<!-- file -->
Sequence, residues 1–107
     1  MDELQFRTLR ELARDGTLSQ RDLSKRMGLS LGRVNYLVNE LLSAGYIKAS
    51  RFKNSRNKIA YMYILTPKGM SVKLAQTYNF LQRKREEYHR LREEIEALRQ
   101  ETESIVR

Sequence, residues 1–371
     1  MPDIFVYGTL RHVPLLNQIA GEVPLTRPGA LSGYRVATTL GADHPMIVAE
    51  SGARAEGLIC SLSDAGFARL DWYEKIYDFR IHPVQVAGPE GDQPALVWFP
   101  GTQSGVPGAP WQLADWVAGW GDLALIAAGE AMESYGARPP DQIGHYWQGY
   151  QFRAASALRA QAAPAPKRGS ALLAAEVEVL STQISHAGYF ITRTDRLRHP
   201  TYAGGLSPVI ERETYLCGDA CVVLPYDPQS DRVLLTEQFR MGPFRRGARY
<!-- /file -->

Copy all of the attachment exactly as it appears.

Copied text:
Sequence, residues 1–107
     1  MDELQFRTLR ELARDGTLSQ RDLSKRMGLS LGRVNYLVNE LLSAGYIKAS
    51  RFKNSRNKIA YMYILTPKGM SVKLAQTYNF LQRKREEYHR LREEIEALRQ
   101  ETESIVR

Sequence, residues 1–371
     1  MPDIFVYGTL RHVPLLNQIA GEVPLTRPGA LSGYRVATTL GADHPMIVAE
    51  SGARAEGLIC SLSDAGFARL DWYEKIYDFR IHPVQVAGPE GDQPALVWFP
   101  GTQSGVPGAP WQLADWVAGW GDLALIAAGE AMESYGARPP DQIGHYWQGY
   151  QFRAASALRA QAAPAPKRGS ALLAAEVEVL STQISHAGYF ITRTDRLRHP
   201  TYAGGLSPVI ERETYLCGDA CVVLPYDPQS DRVLLTEQFR MGPFRRGARY